cooling circuitsReading time:
An industrial cooling process has two phases :
- heat to be removed is transferred to a cooling fluid through direct or, more generally, indirect contact by means of heat exchanging equipment:
- calories are released from the cooling fluid into the environment.
The main items of equipment used for cooling purposes are :
- condensers and heat exchangers;
- oil, air, gas en liquid coolants;
- motors, compressors;
- blast furnaces, kilns, rolling mills, continuous casting, converters;
- chemical reactors.
The behaviour of this equipment will depend on:
- its construction type (tubes, plates…);
- the water circulation system (internal, external, velocity…);
- metals in contact with the water (steel, stainless steel, copper and its alloys, aluminium, etc.);
- materials used (concrete, wood…) in the circuit’s construction.
There are three possible cases (figure 16); hot water:
- is discharged direct into the sea, river or drains: this is a once-through circuit;
- is cooled through contact with a secondary fluid (air or water) and returned to the equipment to be cooled without coming into contact with the air: this is a closed circuit;
- is cooled through partial evaporation in an atmospheric coolant before being returned to the equipment: this is an open recirculating circuit.
Once-through circuits (figure 16-a) requiring large quantities of water and creating major "heat pollution" are now often restricted to older systems or to systems using seawater.
In closed circuits (figure 16-b), i.e. closed and without evaporation, very little make-up water is required (leaks) but this system has a limited thermal efficiency. That is why these systems are mainly used on smaller circuits or on special applications.
Therefore, open recirculating circuits (figure 16-c) are the most widely used because they have less of an impact on the environment than once-through systems and are more cost-effective than closed systems.
There are also so-called combined open recirculating systems (figure 16-d) where water can also come into direct contact with pollution created by the processes (e.g. gas scrubbing).
open recirculating circuits
Figure 17 repeats figure 16-c but details the various water flows involved and which, in conjunction with heat parameters and concentration levels, are characteristic of this type of circuit :
V(m3), total volume of water in a circuit constituted by :
- hot water tanks;
- cold water tanks;
- heat exchangers;
- connecting pipelines …
Q(m3·h–1), hot water circulation flow returned to the coolant.
ΔT(°C), temperature difference between water entering into and discharged by the coolant.
T max.(°C), temperature of the water film («skin» temperature) in contact with the circuit’s hottest wall.
W(kcal·h–1), atmospheric coolant efficiency; this efficiency is expressed as the product of the two previous values :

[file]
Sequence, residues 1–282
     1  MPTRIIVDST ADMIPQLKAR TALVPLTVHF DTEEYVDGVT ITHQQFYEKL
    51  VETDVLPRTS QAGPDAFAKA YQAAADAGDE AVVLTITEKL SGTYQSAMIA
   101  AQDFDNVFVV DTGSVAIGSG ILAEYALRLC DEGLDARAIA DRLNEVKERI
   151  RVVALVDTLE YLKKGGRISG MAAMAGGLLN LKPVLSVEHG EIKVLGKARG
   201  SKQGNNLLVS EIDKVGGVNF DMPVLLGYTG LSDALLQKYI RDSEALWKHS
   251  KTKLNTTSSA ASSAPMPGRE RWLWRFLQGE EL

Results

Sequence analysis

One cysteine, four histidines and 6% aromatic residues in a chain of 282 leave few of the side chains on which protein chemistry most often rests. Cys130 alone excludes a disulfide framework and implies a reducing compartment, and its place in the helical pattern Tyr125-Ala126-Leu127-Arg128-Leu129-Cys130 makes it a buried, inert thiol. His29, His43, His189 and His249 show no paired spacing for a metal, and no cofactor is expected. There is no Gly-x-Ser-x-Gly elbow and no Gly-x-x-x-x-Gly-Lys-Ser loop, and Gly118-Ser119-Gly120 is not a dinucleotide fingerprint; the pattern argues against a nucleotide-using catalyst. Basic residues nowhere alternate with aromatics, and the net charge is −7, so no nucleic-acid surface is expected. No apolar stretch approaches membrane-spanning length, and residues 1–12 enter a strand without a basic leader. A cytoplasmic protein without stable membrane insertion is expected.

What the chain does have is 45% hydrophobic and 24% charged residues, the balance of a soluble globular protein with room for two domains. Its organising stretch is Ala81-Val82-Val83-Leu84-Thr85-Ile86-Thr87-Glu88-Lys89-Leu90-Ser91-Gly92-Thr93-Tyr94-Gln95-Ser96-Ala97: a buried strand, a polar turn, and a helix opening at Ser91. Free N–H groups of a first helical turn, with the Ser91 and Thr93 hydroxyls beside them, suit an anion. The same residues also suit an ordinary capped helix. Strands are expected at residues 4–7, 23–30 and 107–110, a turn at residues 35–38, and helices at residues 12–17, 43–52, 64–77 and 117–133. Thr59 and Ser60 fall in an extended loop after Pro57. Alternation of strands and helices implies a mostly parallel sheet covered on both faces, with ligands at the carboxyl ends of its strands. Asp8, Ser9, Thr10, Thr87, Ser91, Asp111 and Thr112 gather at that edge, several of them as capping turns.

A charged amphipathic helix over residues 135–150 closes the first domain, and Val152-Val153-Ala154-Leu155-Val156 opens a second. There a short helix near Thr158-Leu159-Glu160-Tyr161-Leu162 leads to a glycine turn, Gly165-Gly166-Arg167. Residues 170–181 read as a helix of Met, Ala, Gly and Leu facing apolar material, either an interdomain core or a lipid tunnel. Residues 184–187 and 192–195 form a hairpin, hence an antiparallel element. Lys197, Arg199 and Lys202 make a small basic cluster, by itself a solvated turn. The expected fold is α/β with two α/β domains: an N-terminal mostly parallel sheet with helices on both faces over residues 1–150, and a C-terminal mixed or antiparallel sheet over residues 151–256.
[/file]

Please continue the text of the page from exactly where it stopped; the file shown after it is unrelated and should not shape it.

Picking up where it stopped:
E(m3·h–1), evaporation flow, i.e. the amount of water evaporated in order to cool flow Q.
This evaporation flow consists of pure water that does not contain any dissolved salts. Supposing latent vaporisation heat of 560 th·m–3 (2 340 MJ·m–3), we have the following theoretical equation :
As the air taken into the atmospheric coolant (700 to 1,000 times the water flow) heats up in contact with the water, it also contributes to the release of calories. Therefore, the following equation :
is closer to reality.
Ev(m3·h–1): drift loss flow. This is the water entrained in the air flow in the form of droplets. Therefore, this flow consists of water which, when analysed, produces the same results as the circulating water.
Constructors aim to reduce this drift loss as much as possible. It is currently equal to approximately 0.005% Q but, in practice, the following equation is often used as it allows for lack of drift eliminator maintenance:
D(m3·h–1):total deconcentration flow calculated in such a way as to maintain a maximum permissible concentration of dissolved salts. In the absence of any leak and to avoid precipitation and/or corrosion, a proportion P of the circulation water needs to be blown down in addition to water loss Ev such that :
A(m3.h–1): make-up water flow.
The make-up water flow must compensate for all water losses throughout the circuit: total deconcentration and evaporation.
t(h):dwell time t at the end of which the concentration of an injected reagent t(h): dwell time t at the end of which the concentration of a reagent injected has reduced by half under the effects of the blowdown:
C: concentration level. This refers to the ratio between the levels of dissolved salts found in the water circuit S and in make-up water s (but also the ratio of the make-up flow over the total deconcentration flow as seen earlier).
Similarly sA = CsD whence A = CD thus:
quantities of water used
electricity generating station condenser cooling
circulation flow rates
- 16-17 m3·s–1 for a conventional thermal power plant operating at full load (500 MW), T = 8.4°C;
- 46-47 m3·s–1 for a nuclear power station operating at full load (1,300 MW), T∆=12.6°C.
make-up and open recirculation systems
With a 3 to 4 concentration level and depending on air hygrometry:
2.4 to 3.6 m3·h–1 per MW.
various cooling systems used in industry
The following table provides some idea of the magnitudes of circulating volumes for certain processes (excluding gas scrubbing) (table 21).
drawbacks created by tartar
drawbacks caused by corrosion
The half-opened circuit is commonly used, but evaporation in the circuit causes concentration in water to occur, thereby concentrating the potential pollution in make-up water (suspended, colloidal or dissolved solids, micro-organisms, atmospheric pollution) as well as dissolved salts which may cause scaling. These disadvantages as well as the methods to resolve them are explained in more detail in chapter treatment and conditioning of industrial water.